[admin – Sat Aug 14 02:02:46 +0000 2010]: Changed location name from ‘McCormick Creek State Park, Indiana’ to ‘McCormick Creek State Park, Indiana, USA’
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while the rest of the cap just seems to be maturing is typical of A. onusta. I can’t think of another amanita that “gives up on its gills” so quickly.
The name “onusta” means “loaded,” and I always thought that the warts on the cap looked like little piles of gunpowder measured out for a muzzle-loading rifle.
Damon is correct about the (usually) distinctive bulb and base of stem. I have found very much oversized specimens in which the volva was much more powdery and spread out over a larger surface and the recurved scales were not so common on the upper part of the bulb. Those scales get made because the decaying and then drying volva glues little areas of the stem surface together so they can’t expand when the flesh inside the stem (that is connected to these glued-solid spots) expands. The amanita stem is essentially a water-powered pile-driver in reverse (a cap-raiser). The vertical force is (relatively speaking) tremendous and cannot be denied…even of the stipe gets “torn up” in the process.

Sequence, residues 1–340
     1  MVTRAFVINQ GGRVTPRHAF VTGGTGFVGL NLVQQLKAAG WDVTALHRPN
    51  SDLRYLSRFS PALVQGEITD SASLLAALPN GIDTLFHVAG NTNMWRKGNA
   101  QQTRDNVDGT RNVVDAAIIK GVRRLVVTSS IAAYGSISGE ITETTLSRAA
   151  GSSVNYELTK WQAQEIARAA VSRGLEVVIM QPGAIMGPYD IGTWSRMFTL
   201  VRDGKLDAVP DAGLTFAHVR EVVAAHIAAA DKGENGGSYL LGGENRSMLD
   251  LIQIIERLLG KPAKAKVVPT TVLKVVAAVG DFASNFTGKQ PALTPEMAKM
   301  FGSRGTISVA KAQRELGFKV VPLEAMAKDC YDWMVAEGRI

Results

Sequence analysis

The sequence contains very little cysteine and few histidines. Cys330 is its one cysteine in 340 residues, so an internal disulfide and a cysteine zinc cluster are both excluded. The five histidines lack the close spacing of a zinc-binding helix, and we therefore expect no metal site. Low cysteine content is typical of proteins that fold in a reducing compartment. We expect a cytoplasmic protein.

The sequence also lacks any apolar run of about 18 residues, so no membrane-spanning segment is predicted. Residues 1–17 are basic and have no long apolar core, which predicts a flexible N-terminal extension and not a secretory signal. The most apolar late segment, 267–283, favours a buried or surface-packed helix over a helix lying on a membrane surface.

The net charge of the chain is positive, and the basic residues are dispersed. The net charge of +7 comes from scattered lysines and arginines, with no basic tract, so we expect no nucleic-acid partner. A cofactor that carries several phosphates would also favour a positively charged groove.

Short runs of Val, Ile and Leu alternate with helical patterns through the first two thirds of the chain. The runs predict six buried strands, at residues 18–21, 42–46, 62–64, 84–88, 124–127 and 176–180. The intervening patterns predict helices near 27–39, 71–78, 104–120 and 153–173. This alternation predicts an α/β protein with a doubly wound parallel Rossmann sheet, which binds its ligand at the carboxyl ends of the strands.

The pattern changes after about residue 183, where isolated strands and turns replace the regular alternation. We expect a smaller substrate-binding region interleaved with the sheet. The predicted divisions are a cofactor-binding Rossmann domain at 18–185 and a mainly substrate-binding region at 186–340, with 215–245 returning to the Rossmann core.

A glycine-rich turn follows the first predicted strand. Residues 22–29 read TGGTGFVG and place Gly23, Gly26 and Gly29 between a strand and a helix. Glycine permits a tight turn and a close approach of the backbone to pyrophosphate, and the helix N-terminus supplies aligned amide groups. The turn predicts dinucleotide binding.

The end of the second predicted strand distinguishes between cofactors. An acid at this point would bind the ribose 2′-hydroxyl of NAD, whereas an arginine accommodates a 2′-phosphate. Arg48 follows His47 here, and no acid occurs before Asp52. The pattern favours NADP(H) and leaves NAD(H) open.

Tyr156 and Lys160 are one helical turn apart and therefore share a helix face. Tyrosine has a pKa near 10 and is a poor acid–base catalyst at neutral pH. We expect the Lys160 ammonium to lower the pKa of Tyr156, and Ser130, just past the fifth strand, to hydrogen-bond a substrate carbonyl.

did you smell the stalk or base. Its got a unique cleaning product scent. I have only found this in sandy soils, wonder if thats typical. The base is pretty distinctive, so you should try and get a shot of that in there.
Created: 2010-08-06 14:16:53 BST (+0100)
Last modified: 2011-09-28 20:21:54 BST (+0100)
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